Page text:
The recent death of a PhD student of the University of Pune (UoP) has taken many by surprise and the police are probing the possibility of her having obtained a poisonous chemical from the varsity’s chemistry department for allegedly committing suicide. If the police theory is true, unregulated use of dangerous chemicals and compounds by students in chemical laboratories could open a fresh debate.
Varsha Lawande, a 27-year student doing her PhD in organic chemistry at UoP died in a private hospital here on July 12. Saifan Mujawar, senior inspector, Sangvi police station, told Newsline that an accidental death case has been registered in the death of Lawande and the viscera has been preserved for forensic tests.
“We spoke with different people about the death and prima facie it is a case of suicide. Neither was any injury found on the body of the deceased nor had she suffered cardiac arrest or any other internal organ failure. She might have consumed poison, whose source we are finding out. Since the deceased was a research student in chemistry, there is a possibility that she might have carried certain poisonous substances from laboratories. The report of viscera analysis is expected in month’s time and then we will have a clear idea,” he said.
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Speaking with Newsline, Kisan Kodam, faculty with UoP’s chemistry department narrated the incidents on July 8, the day Varsha allegedly tried to commit suicide, and gave information about her.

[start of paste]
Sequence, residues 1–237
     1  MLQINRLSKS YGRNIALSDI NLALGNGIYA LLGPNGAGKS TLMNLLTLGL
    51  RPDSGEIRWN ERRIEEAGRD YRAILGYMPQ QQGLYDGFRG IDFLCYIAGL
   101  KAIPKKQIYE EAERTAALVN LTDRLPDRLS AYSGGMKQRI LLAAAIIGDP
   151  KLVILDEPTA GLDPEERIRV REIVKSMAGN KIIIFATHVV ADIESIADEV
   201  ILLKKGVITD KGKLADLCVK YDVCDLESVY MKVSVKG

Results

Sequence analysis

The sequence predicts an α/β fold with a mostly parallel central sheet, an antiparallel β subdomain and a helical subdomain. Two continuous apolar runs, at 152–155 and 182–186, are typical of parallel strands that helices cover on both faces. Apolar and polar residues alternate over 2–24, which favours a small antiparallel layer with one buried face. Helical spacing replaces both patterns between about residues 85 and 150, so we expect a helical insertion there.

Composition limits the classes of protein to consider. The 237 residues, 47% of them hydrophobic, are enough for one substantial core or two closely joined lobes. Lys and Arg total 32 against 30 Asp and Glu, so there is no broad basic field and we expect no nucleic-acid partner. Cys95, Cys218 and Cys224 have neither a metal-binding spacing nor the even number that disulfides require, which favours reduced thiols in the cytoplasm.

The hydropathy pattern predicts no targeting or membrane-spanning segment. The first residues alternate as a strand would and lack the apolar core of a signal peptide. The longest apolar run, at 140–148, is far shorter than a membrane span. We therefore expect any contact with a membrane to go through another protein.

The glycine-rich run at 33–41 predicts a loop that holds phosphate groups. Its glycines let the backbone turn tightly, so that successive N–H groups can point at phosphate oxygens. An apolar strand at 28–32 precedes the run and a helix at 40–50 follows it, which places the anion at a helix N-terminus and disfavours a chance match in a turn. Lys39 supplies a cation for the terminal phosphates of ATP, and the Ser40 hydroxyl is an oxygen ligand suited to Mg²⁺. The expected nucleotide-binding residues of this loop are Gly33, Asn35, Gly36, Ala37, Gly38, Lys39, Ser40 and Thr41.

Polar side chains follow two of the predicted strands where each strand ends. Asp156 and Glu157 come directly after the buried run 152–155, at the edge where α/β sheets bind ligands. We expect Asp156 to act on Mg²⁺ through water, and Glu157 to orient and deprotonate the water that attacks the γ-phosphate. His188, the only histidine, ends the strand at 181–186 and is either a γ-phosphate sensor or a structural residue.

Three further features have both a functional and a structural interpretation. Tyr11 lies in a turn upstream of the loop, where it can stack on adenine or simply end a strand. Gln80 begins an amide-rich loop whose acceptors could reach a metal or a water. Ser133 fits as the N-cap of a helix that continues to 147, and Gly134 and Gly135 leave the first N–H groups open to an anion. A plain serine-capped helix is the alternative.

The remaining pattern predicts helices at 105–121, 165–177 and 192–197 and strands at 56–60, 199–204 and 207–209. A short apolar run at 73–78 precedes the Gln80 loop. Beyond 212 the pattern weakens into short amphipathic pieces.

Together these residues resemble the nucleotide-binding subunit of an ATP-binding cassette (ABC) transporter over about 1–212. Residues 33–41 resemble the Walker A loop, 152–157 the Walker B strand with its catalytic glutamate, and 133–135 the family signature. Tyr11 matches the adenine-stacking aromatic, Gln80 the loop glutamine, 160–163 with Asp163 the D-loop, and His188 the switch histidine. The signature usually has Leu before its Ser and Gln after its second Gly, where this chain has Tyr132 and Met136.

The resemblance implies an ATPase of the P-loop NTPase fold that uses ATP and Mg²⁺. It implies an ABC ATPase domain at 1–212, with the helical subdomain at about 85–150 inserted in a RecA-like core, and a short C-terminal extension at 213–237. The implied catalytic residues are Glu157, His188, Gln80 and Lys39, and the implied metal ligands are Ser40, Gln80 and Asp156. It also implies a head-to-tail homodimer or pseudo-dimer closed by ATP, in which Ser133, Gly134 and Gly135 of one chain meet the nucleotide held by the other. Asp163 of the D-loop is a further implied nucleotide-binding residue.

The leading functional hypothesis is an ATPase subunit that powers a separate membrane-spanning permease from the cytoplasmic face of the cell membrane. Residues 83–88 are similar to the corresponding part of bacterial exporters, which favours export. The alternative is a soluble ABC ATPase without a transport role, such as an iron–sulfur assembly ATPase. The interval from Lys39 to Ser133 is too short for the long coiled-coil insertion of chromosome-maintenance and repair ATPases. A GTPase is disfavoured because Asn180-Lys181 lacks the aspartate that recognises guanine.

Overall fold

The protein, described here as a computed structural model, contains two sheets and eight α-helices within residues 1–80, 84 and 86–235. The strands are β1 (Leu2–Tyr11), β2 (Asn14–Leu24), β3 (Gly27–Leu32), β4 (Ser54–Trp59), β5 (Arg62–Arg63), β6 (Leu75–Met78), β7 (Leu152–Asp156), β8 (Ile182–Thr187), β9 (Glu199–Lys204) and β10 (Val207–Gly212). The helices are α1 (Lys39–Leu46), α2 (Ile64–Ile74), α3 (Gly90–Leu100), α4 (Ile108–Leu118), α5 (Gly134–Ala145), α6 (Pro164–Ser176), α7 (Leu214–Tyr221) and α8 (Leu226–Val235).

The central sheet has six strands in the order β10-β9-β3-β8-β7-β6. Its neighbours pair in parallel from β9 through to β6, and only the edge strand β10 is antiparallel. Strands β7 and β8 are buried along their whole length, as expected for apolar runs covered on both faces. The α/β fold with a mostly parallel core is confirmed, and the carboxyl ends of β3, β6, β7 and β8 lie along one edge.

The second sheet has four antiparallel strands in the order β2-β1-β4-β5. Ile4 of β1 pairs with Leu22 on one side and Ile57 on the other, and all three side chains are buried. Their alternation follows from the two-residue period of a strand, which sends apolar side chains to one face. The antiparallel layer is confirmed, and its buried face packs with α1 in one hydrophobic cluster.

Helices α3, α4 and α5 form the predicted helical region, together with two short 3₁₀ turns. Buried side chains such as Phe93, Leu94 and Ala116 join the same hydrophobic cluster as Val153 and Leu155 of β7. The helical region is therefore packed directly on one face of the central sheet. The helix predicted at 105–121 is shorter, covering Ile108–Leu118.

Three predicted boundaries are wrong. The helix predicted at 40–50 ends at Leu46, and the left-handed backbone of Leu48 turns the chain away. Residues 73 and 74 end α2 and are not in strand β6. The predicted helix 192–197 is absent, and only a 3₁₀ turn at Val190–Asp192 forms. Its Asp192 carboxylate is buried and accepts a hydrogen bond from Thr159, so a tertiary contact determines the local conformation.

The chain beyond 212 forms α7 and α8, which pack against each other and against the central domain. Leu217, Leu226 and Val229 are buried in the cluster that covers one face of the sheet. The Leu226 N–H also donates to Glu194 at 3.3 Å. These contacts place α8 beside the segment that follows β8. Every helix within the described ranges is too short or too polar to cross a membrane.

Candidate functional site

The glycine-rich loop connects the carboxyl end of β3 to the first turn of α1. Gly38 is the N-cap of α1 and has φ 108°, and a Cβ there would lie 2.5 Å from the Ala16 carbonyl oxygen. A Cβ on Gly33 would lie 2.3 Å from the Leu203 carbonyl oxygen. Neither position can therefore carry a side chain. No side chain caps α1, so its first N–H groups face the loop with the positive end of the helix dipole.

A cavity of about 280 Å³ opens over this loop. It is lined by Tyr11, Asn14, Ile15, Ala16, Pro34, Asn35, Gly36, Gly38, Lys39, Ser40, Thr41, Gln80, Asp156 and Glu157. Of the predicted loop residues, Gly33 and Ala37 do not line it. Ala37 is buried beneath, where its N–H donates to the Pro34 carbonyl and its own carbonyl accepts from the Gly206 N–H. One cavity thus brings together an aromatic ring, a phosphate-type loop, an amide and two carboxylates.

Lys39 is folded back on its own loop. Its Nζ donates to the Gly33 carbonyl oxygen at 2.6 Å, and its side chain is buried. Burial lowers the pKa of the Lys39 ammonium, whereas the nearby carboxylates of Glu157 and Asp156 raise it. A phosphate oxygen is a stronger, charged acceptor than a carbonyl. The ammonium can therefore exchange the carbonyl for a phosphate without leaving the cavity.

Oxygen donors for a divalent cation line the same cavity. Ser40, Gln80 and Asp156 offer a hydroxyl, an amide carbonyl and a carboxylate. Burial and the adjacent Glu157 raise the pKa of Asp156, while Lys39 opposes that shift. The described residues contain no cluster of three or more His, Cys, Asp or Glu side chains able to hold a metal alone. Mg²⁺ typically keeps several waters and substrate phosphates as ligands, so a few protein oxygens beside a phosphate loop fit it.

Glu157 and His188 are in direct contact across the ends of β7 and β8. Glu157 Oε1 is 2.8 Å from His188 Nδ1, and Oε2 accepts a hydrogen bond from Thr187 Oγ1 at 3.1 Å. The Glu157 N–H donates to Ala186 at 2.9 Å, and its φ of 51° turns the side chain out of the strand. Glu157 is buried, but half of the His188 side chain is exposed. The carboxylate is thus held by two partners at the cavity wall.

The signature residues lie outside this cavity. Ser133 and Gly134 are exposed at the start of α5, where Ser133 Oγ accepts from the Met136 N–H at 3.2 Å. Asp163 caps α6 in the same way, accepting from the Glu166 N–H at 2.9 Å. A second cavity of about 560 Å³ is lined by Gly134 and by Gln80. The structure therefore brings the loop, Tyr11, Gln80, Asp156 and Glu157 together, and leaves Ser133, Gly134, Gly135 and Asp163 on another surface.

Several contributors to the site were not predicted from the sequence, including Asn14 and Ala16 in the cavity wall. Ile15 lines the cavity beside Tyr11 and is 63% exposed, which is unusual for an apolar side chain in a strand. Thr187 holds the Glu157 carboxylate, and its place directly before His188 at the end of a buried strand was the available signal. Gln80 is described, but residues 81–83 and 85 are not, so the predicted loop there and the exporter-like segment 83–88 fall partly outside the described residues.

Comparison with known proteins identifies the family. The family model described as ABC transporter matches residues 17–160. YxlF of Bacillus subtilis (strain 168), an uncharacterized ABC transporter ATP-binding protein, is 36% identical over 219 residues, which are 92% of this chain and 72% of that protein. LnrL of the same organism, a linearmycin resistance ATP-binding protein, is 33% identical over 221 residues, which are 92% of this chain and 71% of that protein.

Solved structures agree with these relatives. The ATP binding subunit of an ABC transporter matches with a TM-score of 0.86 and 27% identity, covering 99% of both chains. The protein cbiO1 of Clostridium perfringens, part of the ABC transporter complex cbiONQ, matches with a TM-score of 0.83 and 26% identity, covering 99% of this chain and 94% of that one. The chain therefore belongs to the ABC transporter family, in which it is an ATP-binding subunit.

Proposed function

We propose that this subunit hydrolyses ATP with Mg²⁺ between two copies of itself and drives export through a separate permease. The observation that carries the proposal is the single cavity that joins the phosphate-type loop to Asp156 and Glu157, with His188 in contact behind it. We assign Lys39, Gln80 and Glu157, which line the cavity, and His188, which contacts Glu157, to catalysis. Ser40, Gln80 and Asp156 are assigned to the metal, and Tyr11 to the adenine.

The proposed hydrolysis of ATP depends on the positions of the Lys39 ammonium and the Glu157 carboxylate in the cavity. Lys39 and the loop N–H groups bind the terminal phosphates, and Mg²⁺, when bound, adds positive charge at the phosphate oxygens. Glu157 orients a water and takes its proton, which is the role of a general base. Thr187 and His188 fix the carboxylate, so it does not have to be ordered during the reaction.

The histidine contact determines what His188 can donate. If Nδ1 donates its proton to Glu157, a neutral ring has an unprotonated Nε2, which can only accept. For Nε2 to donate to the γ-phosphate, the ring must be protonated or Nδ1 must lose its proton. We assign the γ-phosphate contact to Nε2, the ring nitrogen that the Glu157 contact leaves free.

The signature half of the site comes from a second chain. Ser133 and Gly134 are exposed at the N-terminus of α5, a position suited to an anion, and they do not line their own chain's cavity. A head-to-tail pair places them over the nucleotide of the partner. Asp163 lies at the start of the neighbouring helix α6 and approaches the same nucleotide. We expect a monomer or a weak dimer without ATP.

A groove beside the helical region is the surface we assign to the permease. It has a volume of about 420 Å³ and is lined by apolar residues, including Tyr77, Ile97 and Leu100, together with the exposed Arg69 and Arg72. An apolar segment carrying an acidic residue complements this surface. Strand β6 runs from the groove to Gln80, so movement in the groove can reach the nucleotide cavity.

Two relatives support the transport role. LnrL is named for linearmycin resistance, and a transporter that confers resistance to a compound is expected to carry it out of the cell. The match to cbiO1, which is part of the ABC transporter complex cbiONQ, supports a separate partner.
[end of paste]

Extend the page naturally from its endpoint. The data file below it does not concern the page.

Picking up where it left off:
“On July 8, Varsha was working in the chemistry department till 5 in the evening. After leaving the campus, she reached her friend’s home in Sangvi on a two-wheeler. The female friend is doing PhD with us and was a childhood friend of Varsha. Both used to live together till her friend married another PhD student at the chemistry department a few months back. Varsha was not on talking terms with her friend since the marriage and according to friends, had gone to her place to speak out her heart,” he said.
Kodam, quoting friends of the deceased, said Varsha and her friend were having tea when she fainted and was taken to a nearby hospital.
“Initially, her condition was critical. After a couple of days, she showed some improvement but again become critical following which she was shifted to another private hospital. She breathed her last around Saturday evening,” Kodam, who offered financial help to Varsha’s brother along with a few other friends, said.
On the possibility of use of poisonous chemical from the laboratory for allegedly committing suicide, Dilip Dhavale, head of UoP chemistry department said details related to research carried out by deceased and different chemicals associated with it would have to be checked with her guide, who is now in the USA.
“After terror incidents in the past, checks are in place for use of sensitive substances in laboratories by students. Only the teachers concerned who were attending laboratories used by Varsha and her guide can throw more light on the possibility raised by the police,” he said.